Friday, April 29, 2011

a poem by michael montlack

Venus Doesn’t Glitter When She Stands Next to You

And she knows it.
So she keeps a mercurial distance, arranging and re-arranging
her crown of coreopsis before the powder room vanity—
where Mother Earth chain-smokes and chats with a pock-marked cousin
(you know, the pasty one who always follows her around)—
a grand entrance planned for quasi-twilight when (she knows) you’ll slip away
to another soiree just getting started on the other side of town.
Where does she get the energy? Pluto asks.

Mars, already bored without you, issues a trademark barb:
I’ve heard she’s a fiend: coke, meth, diet pills …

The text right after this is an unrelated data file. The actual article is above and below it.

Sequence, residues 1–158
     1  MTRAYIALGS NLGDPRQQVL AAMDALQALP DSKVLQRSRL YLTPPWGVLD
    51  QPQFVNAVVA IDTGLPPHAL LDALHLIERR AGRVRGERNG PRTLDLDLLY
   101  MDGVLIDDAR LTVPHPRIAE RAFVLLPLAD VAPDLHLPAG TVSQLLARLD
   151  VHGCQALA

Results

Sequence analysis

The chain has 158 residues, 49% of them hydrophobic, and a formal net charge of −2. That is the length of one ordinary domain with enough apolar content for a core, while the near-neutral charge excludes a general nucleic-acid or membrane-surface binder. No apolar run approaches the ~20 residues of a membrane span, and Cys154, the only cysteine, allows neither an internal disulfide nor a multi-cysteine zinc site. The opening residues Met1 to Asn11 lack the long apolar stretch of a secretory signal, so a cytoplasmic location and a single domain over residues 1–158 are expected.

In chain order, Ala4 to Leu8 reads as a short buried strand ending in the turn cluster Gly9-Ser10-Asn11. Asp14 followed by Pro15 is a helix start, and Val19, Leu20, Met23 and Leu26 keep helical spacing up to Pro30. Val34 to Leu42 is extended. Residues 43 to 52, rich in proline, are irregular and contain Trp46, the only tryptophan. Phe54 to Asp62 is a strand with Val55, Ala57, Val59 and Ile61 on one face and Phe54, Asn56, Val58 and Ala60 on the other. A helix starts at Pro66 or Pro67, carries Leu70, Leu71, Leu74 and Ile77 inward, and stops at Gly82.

Nonsense, blurts tipsy Jupiter. Jealous gossip amongst the lesser stars.
It’s like this all night.
With poor Venus in her polished rhinestones
vying to be their diamond center.

-from Michael Montlack's collection Cool Limbo forthcoming from New York Quarterly Books. Check it out here.

Michael Montlack is the author of the poetry collection Cool Limbo (New York Quarterly Books, 2011) and the editor of the Lambda-nominated essay anthology My Diva: 65 Gay Men on the Women Who Inspire Them (University of Wisconsin, 2009). He splits his time between New York City, where he teaches at Berkeley College, and San Francisco. Currently he is at work on his first novel.

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